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The price covers only one piece of Butterly sword.
Specifications of the Butterfly sword:
The butterfly sword (simplified Chinese: 蝴蝶双刀; traditional Chinese: 蝴蝶雙刀; pinyin: húdié shuāng dāo) is a short dāo, or single-edged blade, originally from the South of China, though it has seen use in the North.
The blade of a butterfly sword is roughly as long as a human forearm, which allows for easy concealment inside sleeves or boots, and allows greater maneuverability when spinning and rotating during close-quarters fighting. Butterfly swords are usually wielded in pairs. A pair of swords will often be carried side by side within the same scabbard, so as to give the appearance of a single weapon.
The butterfly sword has a small crossguard to protect the hands of the wielder,similar to that of a sai, which can also be used to block or hook an opponent's weapon. They may also be used as a knuckle duster when non-lethal application of the weapon is desired.
Traditionally, the blade of a butterfly sword is only sharpened along half of its edge - from the middle of the blade to the tip. The blade from the midpoint down is left blunt so that it can be used to deliver non-lethal strikes and to block without damaging the sharpened edge.The blade is 11½"long and the handle is 5"long.
Butterfly swords are sometimes translated as 'butterfly knives' in English but should not be confused with the folding butterfly knife. The Chinese word dāo being used to designate any blade whose primary function is to cut and slash regardless of length. In some branches of Kung Fu, such as Wing Chun and Wing Tsun, butterfly swords are known as Baat Jaam Do (named after the Systems form, literally 'Eight Chopping/Slashing Knives').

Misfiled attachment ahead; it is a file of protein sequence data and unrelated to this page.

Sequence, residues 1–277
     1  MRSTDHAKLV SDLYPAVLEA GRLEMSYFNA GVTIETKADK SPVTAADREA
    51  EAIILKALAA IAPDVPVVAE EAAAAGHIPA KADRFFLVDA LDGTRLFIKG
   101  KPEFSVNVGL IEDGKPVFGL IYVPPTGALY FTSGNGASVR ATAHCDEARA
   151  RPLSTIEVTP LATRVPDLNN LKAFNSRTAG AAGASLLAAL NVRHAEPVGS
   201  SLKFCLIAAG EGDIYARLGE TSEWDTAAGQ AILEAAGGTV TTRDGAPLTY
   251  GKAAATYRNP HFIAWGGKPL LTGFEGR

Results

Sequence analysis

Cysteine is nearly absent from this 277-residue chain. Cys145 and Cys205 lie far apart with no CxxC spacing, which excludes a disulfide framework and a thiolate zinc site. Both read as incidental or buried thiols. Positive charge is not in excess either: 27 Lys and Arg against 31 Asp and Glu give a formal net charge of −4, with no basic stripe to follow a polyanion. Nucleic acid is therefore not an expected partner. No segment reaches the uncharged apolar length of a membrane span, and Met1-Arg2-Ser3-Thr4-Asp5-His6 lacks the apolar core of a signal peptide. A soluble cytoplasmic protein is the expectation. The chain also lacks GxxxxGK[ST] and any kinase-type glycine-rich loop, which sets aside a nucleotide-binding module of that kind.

Butterfly swords are used in several Chinese martial arts, notably Wing Chun, Lau Gar and Hung Gar. In Wing Chun, one notable aspect of butterfly sword combat is that its principles are the basis for all other weaponry. In theory, any object that can be held in the hands of a Wing Chun practitioner will follow the same basic principles of movement as the butterfly swords. This is because the use of butterfly swords is simply an extension of empty-handed combat.
Butterfly swords are regarded by many Chinese martial artists to hold the most versatility and balance of offensive and defensive capabilities of any other Chinese weapon, with many more capabilities than just a weapon. Source: Wikipedia
In the case of hand-forged blade our blacksmith takes the already rolled spring steel and forges it with hand on the anvil or under the monkey (drop hammer). By forging becomes the steel more compacted (denser). Industrially rolled spring steel blades are made by cutting steel plate into strips under drop shears. Then they are ground or milled/grooved and without further forging directly put into the annealing furnace and hardened in oil bath. The qualities of both kinds of blades do not differ from each other much since the industrial rolling is already very good. On forged blades usually have forge traces, which give them an authentic and unique look.